At the beginning of the pandemic, tech savvy office workers spent a lot of time teaching their less tech savvy counterparts how to transfer their day-to-day work activities from in-person to online.
This was a steep learning curve for many, and now, just as people are starting to return to the office—either on a part-time basis or full time—another challenge is emerging: post-pandemic grads are struggling to adjust to in-office work.
Whether these digital nomads lack an understanding of workplace etiquette, dress codes, or networking, it’s clear anyone who has joined the workforce post pandemic has missed out on learning “Corporate America 101” from workplace mentors and senior leadership.
Why This Matters
Practical workplace skills aren’t second nature to people who have never worked in an office environment before. And for those who completed their education online, they’re also lacking in-person social skills many of us take for granted.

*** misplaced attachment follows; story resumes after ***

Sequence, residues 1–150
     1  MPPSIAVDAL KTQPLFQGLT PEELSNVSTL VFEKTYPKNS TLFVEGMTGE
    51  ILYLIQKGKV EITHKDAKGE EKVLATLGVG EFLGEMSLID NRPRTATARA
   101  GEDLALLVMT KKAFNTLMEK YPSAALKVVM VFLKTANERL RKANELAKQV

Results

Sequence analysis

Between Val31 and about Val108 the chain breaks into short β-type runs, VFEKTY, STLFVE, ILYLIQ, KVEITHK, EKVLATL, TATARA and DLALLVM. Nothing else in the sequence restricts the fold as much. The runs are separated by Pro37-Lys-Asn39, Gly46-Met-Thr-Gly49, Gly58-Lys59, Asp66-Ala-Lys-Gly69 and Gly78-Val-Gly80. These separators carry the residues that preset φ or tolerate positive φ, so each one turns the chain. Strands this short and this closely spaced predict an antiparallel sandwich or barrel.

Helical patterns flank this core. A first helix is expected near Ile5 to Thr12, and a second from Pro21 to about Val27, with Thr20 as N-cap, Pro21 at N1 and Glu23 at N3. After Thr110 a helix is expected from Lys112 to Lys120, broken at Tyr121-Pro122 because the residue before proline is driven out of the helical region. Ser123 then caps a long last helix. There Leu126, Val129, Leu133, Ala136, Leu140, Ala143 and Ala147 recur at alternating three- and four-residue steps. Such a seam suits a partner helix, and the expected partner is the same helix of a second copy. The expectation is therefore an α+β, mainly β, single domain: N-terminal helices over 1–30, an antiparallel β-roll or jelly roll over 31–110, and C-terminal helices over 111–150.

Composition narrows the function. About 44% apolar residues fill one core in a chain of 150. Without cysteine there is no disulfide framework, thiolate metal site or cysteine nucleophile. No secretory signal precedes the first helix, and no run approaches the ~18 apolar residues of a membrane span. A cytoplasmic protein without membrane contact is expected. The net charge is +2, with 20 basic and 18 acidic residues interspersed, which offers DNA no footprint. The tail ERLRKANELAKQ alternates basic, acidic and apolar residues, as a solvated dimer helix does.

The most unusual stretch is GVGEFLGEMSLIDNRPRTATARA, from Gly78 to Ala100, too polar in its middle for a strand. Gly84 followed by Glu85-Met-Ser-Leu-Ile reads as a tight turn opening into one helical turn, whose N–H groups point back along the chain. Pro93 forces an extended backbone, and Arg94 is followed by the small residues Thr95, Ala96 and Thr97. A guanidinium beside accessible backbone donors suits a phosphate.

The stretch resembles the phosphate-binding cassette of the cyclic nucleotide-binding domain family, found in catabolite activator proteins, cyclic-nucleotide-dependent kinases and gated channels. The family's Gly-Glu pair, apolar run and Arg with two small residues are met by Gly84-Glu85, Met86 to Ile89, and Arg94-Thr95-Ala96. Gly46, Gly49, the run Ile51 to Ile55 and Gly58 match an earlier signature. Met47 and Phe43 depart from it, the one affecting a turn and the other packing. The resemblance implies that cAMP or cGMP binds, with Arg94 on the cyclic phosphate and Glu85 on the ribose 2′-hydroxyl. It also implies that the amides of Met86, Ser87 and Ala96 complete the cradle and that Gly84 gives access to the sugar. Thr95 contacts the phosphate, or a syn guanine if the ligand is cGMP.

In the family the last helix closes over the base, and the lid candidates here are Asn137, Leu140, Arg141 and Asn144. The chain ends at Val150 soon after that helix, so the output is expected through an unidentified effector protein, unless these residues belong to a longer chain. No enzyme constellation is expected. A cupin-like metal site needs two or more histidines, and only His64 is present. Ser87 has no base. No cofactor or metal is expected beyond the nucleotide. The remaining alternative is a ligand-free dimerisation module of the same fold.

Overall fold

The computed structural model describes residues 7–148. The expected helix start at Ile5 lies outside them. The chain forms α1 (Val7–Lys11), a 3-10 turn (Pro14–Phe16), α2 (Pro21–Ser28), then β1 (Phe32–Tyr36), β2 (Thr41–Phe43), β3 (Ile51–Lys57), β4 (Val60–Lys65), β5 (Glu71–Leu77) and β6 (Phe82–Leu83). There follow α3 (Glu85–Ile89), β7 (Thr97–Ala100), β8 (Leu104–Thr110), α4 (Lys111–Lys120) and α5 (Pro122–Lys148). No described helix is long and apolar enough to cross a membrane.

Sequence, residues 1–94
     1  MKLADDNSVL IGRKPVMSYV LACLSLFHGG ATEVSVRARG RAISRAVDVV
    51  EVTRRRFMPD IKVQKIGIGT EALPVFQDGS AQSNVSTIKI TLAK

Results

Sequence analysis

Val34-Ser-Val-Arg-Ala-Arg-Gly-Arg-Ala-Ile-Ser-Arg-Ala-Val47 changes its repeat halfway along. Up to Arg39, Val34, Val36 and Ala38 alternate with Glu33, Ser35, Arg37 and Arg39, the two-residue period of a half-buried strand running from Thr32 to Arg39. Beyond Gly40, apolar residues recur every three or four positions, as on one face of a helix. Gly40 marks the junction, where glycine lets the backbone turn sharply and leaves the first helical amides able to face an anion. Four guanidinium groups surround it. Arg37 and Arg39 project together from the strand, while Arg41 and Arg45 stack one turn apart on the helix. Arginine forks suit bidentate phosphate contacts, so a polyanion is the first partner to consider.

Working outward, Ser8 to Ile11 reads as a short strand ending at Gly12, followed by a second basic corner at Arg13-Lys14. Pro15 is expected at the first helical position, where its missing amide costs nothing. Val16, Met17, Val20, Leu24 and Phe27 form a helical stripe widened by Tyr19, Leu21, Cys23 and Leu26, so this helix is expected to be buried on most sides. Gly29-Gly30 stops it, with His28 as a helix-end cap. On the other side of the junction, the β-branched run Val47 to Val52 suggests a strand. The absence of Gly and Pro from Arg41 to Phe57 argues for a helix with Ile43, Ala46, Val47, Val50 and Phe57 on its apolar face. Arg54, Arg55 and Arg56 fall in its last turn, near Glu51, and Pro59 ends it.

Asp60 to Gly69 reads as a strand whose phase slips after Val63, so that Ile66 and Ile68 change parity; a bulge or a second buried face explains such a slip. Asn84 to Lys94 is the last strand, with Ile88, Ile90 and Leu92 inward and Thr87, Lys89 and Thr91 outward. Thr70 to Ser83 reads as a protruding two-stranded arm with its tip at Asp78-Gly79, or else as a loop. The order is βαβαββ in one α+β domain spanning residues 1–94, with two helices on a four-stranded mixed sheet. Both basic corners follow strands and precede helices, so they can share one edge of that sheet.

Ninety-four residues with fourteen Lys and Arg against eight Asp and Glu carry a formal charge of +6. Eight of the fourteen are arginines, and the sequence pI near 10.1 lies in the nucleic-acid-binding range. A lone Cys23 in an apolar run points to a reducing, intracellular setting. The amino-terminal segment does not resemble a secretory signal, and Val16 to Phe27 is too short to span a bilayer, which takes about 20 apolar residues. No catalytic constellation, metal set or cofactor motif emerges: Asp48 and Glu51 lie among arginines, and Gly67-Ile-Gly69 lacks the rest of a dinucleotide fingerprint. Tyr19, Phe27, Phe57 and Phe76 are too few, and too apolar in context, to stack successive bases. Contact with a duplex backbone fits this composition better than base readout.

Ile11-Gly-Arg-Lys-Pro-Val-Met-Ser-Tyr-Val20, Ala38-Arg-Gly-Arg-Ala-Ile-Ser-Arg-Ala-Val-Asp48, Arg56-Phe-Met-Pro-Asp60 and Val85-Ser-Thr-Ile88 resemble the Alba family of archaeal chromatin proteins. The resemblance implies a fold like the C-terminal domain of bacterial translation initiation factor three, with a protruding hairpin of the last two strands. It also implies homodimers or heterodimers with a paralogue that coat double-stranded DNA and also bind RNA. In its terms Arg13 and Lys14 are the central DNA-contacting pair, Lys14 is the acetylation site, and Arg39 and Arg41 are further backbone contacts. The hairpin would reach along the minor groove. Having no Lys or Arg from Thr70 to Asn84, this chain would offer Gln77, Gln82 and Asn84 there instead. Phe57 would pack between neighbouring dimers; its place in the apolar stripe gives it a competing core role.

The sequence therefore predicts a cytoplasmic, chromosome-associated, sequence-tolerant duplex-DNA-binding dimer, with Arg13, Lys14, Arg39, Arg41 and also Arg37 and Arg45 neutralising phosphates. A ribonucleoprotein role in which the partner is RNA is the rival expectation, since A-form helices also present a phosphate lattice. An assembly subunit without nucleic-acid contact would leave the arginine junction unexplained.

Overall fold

New graduates are extremely comfortable with remote working conditions, but there’s a steep learning curve now that so many are being expected to work in a hybrid or full-time office environment.
Michigan State University has picked up on this and now offers courses to business majors on practical workplace skills, everything from introducing yourself to reading body language.
Some companies are also working this type of training into their onboarding process, such as how to make eye contact, how to conduct in-person conversations, and what “business casual” means.
Practical workplace soft skills aren’t common sense, and they’re not so easy to pick up now that we’re working in the new normal. To learn more about assisting post-pandemic graduates in expanding their communication skills beyond Zoom meetings, read this article.
Photo by Canva.